Department of Computer Science
A concurrent computing course is filled with challenges for upper-level programming students. Understanding concurrency provides deeper insight into many modern computing and programming language behaviors, but the subject matter can be difficult even for relatively proficient students. It can be a challenge to help students navigate and understand these unfamiliar topics. While there is a difference in general programming familiarity, teaching this novel material is not unlike some challenges faced when engaging introductory students with first programming concepts. In this work, we explore the use of analogy by students while learning a novel programming methodology. We investigate perceptions of the utility of analogy and creation of analogies in the concurrent course. We also examine perceptions of analogy value across students' computing education and factors which impacted their use or disuse of provided or student-generated analogies. This exploration suggests that pedagogical analogy design can be memorable and significant for student understanding. It further suggests that analogies inherent in concept naming and foundational examples may have even greater salience. While not all students create analogies, those that do share both unique examples and additions to existing examples that helped them understand core concepts. Students had mixed responses on whether analogy as a tool was used in their lower-level courses. Despite this, most found analogies to be useful, with a majority finding them even more useful in upper-level programming courses.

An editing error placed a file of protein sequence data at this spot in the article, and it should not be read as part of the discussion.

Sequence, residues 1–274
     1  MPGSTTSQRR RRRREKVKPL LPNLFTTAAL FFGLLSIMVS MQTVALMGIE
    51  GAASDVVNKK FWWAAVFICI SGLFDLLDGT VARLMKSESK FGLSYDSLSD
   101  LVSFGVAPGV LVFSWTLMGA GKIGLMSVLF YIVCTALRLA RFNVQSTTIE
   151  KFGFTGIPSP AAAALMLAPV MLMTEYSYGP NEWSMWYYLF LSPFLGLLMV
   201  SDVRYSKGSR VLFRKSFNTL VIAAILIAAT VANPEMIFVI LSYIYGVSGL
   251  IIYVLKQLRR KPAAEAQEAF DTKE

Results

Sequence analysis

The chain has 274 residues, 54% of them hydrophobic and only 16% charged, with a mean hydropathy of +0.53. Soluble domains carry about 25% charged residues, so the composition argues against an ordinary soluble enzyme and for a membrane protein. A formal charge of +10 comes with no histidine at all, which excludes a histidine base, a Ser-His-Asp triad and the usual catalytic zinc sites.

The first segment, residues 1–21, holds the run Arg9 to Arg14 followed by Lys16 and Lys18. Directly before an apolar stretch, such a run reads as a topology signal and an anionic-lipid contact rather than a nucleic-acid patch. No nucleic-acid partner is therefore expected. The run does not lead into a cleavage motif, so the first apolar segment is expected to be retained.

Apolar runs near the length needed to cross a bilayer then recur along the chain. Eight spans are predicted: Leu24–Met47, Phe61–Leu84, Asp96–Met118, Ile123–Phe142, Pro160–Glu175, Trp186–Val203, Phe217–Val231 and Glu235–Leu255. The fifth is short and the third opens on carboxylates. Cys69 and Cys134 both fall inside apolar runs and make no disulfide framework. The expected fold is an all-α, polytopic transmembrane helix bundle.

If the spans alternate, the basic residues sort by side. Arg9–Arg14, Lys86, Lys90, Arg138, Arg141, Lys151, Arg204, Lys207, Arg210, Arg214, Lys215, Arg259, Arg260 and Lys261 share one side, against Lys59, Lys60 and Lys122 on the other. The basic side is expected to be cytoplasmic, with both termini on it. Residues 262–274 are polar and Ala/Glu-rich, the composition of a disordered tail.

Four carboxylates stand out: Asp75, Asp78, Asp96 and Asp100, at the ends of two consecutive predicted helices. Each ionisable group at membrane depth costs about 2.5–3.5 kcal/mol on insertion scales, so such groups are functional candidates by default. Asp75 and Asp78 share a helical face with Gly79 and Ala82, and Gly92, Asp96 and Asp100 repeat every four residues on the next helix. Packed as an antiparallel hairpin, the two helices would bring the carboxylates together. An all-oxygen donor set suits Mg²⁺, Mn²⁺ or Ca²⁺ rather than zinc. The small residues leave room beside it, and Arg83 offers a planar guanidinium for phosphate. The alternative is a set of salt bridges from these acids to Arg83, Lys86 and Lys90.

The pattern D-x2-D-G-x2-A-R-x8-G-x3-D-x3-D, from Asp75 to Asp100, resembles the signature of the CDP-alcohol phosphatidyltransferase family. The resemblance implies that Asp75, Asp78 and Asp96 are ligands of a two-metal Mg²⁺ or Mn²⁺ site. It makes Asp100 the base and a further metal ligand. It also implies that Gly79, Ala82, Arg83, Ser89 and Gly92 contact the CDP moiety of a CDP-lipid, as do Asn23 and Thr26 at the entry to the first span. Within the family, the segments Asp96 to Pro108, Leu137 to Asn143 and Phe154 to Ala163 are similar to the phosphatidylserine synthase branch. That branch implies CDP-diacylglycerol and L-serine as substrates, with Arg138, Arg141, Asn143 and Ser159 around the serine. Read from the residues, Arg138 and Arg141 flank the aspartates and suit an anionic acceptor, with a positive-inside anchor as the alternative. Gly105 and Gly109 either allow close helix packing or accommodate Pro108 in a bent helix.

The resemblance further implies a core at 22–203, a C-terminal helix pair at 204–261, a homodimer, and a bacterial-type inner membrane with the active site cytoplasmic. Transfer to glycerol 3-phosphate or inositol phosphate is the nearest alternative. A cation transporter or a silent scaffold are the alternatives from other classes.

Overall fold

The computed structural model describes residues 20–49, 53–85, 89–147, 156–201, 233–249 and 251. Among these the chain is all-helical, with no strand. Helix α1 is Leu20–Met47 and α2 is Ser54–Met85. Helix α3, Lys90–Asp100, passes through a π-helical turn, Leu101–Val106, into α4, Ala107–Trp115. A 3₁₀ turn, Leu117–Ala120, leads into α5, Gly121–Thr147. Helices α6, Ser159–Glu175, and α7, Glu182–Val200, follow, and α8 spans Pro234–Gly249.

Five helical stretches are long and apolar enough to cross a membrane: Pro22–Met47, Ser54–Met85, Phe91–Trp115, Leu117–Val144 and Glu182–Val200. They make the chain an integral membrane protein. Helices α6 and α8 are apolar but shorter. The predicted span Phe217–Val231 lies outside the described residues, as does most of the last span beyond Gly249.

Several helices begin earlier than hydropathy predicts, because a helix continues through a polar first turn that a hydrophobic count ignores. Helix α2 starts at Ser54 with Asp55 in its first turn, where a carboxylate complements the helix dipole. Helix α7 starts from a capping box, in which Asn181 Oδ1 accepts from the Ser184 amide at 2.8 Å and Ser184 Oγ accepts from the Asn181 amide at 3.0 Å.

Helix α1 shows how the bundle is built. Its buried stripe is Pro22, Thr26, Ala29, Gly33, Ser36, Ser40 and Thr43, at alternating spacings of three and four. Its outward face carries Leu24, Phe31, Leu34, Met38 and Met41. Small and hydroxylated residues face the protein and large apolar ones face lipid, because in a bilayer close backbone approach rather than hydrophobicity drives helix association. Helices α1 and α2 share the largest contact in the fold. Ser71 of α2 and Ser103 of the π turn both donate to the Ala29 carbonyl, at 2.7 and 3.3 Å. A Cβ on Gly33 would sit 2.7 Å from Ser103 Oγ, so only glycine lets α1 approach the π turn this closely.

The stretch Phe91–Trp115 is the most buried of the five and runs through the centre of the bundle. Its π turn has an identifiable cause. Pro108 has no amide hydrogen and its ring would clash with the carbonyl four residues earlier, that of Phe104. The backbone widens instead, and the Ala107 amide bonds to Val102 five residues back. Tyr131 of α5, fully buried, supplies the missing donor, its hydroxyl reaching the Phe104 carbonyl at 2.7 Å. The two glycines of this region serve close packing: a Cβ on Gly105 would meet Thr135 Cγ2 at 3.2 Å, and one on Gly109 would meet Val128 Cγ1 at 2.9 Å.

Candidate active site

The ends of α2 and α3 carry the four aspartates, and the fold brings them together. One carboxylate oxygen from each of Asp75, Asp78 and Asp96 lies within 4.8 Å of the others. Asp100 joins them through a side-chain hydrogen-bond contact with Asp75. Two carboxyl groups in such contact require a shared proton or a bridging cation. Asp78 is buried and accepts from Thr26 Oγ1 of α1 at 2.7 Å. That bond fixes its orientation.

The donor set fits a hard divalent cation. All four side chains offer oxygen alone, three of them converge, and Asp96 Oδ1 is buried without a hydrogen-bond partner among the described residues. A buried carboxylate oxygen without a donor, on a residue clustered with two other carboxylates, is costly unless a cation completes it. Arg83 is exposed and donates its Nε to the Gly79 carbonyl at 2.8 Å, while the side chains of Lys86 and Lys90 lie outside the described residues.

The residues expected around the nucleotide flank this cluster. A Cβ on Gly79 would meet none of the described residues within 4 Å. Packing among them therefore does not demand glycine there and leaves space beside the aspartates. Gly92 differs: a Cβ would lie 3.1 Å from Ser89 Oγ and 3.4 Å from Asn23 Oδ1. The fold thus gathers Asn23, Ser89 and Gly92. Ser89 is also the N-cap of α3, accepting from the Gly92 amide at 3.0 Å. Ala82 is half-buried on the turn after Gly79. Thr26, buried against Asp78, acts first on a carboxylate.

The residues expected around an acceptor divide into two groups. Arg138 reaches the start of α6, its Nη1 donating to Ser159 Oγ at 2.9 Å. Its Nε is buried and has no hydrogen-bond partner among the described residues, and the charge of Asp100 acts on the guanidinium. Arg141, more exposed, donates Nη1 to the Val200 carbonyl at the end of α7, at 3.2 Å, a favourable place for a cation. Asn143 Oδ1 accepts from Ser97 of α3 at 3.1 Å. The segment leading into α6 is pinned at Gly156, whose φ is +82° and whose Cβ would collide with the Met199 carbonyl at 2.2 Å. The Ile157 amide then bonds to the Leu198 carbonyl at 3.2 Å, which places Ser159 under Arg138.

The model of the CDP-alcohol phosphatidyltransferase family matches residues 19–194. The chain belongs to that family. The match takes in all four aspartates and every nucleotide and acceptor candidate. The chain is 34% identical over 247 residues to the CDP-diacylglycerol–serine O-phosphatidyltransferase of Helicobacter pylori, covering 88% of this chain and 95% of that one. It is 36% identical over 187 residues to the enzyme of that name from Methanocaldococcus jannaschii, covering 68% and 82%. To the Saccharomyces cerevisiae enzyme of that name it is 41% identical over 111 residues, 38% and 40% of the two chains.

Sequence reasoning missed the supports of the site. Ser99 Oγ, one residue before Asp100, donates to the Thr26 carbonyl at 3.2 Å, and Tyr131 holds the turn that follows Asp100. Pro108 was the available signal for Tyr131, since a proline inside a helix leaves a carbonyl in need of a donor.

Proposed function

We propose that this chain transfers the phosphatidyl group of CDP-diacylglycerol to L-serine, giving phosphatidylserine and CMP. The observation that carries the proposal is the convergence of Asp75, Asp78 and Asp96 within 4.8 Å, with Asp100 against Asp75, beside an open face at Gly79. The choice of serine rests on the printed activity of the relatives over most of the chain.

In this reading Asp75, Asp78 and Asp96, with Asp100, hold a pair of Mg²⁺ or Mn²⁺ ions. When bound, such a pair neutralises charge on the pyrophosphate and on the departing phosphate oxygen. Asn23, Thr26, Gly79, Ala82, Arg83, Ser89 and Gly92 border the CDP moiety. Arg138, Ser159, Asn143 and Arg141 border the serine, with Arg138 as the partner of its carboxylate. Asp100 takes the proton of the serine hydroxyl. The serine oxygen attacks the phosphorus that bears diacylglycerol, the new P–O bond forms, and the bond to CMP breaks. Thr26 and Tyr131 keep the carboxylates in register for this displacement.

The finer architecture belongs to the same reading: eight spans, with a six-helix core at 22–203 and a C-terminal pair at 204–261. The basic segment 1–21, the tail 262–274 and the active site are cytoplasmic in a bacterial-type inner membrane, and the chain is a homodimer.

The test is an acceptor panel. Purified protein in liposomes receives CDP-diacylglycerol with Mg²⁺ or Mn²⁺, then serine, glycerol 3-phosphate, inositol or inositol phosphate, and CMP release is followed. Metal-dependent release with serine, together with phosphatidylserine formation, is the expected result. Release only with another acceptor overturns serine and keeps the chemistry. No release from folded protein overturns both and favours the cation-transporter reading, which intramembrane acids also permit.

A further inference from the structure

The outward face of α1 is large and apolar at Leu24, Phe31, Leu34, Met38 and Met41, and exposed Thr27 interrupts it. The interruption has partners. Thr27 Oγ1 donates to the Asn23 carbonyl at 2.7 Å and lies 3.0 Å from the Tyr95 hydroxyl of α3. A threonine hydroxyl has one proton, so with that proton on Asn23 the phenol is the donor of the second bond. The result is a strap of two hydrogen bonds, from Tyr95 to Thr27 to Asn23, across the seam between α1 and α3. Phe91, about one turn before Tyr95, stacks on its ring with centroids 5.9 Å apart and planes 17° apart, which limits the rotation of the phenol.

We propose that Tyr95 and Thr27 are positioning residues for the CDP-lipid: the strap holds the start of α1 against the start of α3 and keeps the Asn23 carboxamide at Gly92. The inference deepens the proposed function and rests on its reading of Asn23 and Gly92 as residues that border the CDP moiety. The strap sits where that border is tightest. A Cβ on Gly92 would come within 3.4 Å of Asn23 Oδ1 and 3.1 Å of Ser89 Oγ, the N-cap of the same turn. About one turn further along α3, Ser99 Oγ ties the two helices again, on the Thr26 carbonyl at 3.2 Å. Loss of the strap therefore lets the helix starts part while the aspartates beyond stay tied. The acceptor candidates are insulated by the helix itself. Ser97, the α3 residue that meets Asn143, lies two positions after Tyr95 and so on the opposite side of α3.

Annual Conference on Innovation and Technology in Computer Science Education, ITiCSE
Bettin, B. C.,
More (Sema|Meta)phors: Additional Perspectives on Analogy Use from Concurrent Programming Students.
Annual Conference on Innovation and Technology in Computer Science Education, ITiCSE,
Retrieved from: https://digitalcommons.mtu.edu/michigantech-p2/43
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